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REGULATORY CONTEXT: THE ENDANGERED SPECIES ACT 313 As a package, these principles substantially affect the agencies' implementa- tion of ESA cluties anti authorities uncler specific ESA provisions anti their approach to the larger challenge of ecosystem-level management of re- sources in the I(lamath River basin. Emphasizing the general principles also helps to clarify the distinctions between the framework within which the agencies operate uncler the ESA ancI the framework within which the NRC committee evaluatecI the relevant agency decisions as clefinecI by its charge. The "Best Available Eviclence" Stanciarc! USFWS ancI NMFS have ESA clecision-making cluties, such as listing of species uncler Section 4 anti issuance of biological opinions uncler Section 7, for which they must use the "best scientific ancI commercial ciata available" as prescribed in 16 USC 1533(b) F20021 anti 50 CFR 424.11(b) F20021 (listing clecisions) anti 16 USC 1536(b) F20021 ancI 50 CFR 402.14(g)~8) F20021 (consultations). Section 7 thus requires that NMFS ancI USFWS consult the existing body of the "best scientific anti commercial ciata avail- able" to determine whether USBR's proposed operation of the I(lamath Project is "likely to jeopardize the continued existence of any enciangerecI species or threatened species." Although the statute leaves the stanciarcI for "best evidence" unclefinecI, the courts have interpreted it to mean several things: The agencies may not manipulate their decisions by unreasonably relying on some sources to the exclusion of others. The agencies may not clisregarcI scientifically superior evidence. Relatively minor flaws in scientific ciata clo not render the ciata unreliable. possible. The agencies must use the best ciata available, not the best ciata The agencies must rely on even inconclusive or uncertain informa- tion if that is the best available at the time of the decision. The agencies cannot insist on conclusive ciata to make a decision. The agencies are not required to conduct inclepenclent research to improve the pool of available ciata. A summary of the existing body of case law appears in Southwest Center for Biological Diversity v. Norton, 2002 WE 1733618 (D.D.C. 20021. Similarly, in 1994, USFWS anti NMFS issued a joint policy providing guiclelines for ESA decisions (59 FecI. Reg.34271 F199411. The policy shows how the "best evidence" stanciarcI wouicI apply in the context of the jeop- arcly consultation; it clirects the agencies to follow six guiclelines:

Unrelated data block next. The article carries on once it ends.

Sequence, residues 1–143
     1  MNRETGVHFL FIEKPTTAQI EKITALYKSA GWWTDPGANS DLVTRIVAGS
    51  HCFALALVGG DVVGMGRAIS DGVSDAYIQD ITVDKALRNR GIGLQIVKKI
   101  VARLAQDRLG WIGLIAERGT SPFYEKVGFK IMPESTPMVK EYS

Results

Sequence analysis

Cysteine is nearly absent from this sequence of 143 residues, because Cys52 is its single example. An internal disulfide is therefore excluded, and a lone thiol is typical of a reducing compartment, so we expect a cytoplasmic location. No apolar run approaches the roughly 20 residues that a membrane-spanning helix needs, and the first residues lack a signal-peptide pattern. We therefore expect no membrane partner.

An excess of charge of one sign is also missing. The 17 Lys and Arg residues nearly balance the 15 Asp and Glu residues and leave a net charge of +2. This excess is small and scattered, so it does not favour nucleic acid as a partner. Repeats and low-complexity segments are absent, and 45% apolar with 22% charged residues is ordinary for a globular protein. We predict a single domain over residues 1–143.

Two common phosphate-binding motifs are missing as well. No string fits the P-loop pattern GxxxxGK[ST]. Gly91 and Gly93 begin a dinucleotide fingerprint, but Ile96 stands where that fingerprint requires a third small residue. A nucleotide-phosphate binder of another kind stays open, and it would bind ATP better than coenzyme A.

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314 FISHES IN THE KLAMATH RIVER BASIN Require that all biologists evaluate all scientific ancI other informa- tion that will be used to make any consultation decision. Gather anti impartially evaluate biological, ecological, anti other information that disputes official positions taken by USFWS or NMFS. Ensure that biologists document their evaluation of information that supports or cloes not support a position being proposed by the agency. Use primary ancI original sources of information, when possible, as the basis of consultation decisions or recommendations. Adhere to scheclules establishecI by the ESA. Conduct management-level review of documents clevelopecI by the agency to verify ancI ensure the quality of the science used to establishecI official positions. Appropriately, therefore, the charge of the NRC committee incluclecI a determination as to "whether the biological opinions are consistent with the available scientific information" (emphasis aciclecI). The Decision-Making Burclen of Proof The NRC committee's charge to assess "whether the Lagencies'1 bio- logical opinions are consistent with the available scientific information" requires the committee to aclopt the burden of proof that wouicI apply in the scientific community rather than the legal burclen of proof that applies uncler the ESA. Scientific burclen of proof may differ from legal burclen of proof; this issue pervades the ESA, where science anti law intersect. Keeping scientific ancI legal burclens of proof separate is important for proper execu- tion of the committee's charge. The committee believes that in its interim report anti in this final report it has appliecI an accepted scientific frame- work for its assessment. Some parties to the I(lamath River basin ESA actions have acivocatecI use of a "precautionary principle," according to which a special burclen of proof lies with users of resources (e.g., G. H. Spain, Pacific Coast Feclera- tion of Fisherman's Associations, personal communication, August 26, 20021. The precautionary principle, however, is a clecision-making policy instrument, not a scientific stanciarcI of proof or a requirement of the ESA. Although many versions of the precautionary principle exist in the laws of many nations anti in the text of many international treaties, the prototype is founcI in Principle 15 of the 1992 Rio Declaration of the United Nations Conference on Environment anti Development (Rio Declaration on Envi- ronment anti Development, UNCED, U.N. Doc. A/CONF.151/Rev. 1, 31 I.L.M.874119924~: In order to protect the environment, the precautionary approach shall be widely applied by the States according to their capabilities. Where there